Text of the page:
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Health & wellness

Be Well

Can dental anesthesia stop growth of wisdom teeth?

Many teens and young adults have surgery to remove impacted wisdom teeth, but a study from Tufts University School of Dental Medicine hints at a possible way to prevent wisdom teeth from growing in the first place.

The researchers looked at dental records of children between ages 2 and 6 who received dental treatment requiring local anesthesia in the lower jaw and who also had a dental X-ray taken at least three years after their treatment. They compared their images to those of children who had not received anesthesia.

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Developing wisdom teeth, called buds, were missing from 8 percent of 63 possible bud sites in children who received anesthesia, compared with 2 percent of 376 possible sites in children who did not get injections.

The findings suggest that a shot of anesthesia into the gums might have stopped the development of lower wisdom teeth. The researchers hypothesized the needle or the anesthetic solution may have injured the tooth bud.

BOTTOM LINE: A shot of anesthesia into the gums of young children might have stopped the development of some lower wisdom teeth.

CAUTIONS: The study looked at a small group of patients at one dental clinic, and does not prove the injections prevented the growth of wisdom teeth.

WHERE TO FIND IT: Journal of the American Dental Association, April 1

Group-based incentives led obese to lose more pounds

Employees who are offered cash rewards for weight loss may drop more pounds if they compete on a team rather than on their own, a University of Pennsylvania study suggests.

Researchers enrolled 105 obese employees from the Children’s Hospital of Philadelphia into either of two different weight-loss-incentive programs, or none at all. The first program paid workers $100 per month for each month they met their weight-loss goal. In the second program, a team of five employees shared $500 per month for each month any one member of the group reached his or her goal. However, those in the group who did not achieve their personal goal had to give up their share of the money to the other team members.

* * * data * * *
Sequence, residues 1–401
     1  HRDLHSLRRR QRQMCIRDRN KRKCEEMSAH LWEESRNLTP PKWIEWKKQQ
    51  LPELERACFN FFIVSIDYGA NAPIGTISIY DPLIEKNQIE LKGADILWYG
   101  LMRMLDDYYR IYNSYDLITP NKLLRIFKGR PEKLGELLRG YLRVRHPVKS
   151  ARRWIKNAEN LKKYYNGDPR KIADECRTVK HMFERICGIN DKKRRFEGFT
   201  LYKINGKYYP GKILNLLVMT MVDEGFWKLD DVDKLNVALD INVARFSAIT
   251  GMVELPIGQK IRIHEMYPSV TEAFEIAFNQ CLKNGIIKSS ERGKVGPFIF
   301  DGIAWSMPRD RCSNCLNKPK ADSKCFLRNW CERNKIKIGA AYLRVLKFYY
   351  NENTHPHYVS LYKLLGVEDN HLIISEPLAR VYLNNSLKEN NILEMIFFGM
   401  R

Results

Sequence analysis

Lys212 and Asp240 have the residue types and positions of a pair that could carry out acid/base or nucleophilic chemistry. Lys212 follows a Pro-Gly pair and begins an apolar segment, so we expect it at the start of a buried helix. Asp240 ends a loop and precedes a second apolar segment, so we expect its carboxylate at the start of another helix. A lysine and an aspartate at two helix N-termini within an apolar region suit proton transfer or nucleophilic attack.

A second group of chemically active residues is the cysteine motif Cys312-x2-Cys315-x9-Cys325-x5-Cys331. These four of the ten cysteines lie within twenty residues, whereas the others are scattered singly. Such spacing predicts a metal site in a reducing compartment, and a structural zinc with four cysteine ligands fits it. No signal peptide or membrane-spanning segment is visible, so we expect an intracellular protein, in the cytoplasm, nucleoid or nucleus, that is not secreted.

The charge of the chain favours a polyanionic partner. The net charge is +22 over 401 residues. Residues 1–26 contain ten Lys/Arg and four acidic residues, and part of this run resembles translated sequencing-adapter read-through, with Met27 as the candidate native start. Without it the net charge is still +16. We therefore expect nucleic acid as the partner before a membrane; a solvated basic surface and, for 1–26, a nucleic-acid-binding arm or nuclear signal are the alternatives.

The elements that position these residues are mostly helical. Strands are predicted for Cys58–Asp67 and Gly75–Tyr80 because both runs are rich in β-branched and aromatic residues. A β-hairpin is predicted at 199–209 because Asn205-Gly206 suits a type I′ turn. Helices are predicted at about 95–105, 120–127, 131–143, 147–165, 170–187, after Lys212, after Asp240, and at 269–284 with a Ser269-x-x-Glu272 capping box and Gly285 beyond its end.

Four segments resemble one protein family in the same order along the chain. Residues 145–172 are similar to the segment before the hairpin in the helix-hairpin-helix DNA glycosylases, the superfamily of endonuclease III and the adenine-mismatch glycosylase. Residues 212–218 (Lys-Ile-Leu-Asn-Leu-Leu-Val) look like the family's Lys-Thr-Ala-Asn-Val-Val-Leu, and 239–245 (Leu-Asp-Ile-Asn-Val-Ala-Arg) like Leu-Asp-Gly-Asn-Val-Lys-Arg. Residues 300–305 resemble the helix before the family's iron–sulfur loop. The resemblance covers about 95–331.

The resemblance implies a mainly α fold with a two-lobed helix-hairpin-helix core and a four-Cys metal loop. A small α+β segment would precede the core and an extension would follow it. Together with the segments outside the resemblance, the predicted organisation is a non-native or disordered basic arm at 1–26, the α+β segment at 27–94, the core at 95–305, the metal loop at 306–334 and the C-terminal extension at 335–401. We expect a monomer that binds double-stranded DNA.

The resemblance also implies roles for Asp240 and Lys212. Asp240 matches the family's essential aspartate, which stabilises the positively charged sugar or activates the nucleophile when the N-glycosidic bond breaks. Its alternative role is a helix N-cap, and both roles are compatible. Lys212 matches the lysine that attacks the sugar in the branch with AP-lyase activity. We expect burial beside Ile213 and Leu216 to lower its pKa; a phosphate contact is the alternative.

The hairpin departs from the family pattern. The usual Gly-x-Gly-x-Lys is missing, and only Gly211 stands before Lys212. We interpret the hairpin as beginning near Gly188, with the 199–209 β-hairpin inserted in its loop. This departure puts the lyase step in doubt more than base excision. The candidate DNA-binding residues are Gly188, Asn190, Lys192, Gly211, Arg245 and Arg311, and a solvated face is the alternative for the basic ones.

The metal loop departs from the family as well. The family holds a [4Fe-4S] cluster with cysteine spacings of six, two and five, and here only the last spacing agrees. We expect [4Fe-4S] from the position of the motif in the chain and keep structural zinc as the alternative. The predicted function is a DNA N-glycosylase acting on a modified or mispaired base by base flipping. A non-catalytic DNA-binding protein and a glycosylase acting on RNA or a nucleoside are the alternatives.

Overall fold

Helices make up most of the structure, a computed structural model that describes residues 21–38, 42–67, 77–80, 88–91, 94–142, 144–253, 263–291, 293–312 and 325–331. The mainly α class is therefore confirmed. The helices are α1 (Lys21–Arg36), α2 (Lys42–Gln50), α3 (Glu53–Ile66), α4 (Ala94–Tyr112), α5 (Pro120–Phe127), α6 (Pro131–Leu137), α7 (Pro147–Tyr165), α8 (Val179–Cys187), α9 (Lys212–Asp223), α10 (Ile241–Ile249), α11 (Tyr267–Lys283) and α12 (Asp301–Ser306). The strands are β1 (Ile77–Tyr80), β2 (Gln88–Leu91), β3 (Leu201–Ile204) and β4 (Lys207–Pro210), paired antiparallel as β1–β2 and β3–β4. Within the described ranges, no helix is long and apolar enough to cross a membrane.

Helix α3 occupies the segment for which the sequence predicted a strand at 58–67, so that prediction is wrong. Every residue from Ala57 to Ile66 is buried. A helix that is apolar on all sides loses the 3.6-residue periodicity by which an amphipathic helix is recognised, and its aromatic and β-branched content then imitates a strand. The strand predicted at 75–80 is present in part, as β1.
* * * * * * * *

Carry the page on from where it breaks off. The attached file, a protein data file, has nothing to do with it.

After six months, employees enrolled in the group incentive program lost an average of seven pounds more than those working alone, and about 10 pounds more than those not enrolled in a cash incentive program. The chance that members within the group could receive more money if others did not meet their individual target may have motivated some to work harder, the researchers wrote.

BOTTOM LINE: Employees who are offered cash rewards for weight loss may drop more pounds if they compete on a team rather than on their own.

CAUTIONS: The study was small and too short to assess whether the employees maintained their weight loss and whether programs with financial incentives have long-term benefits.

WHERE TO FIND IT: Annals of Internal Medicine, April 2

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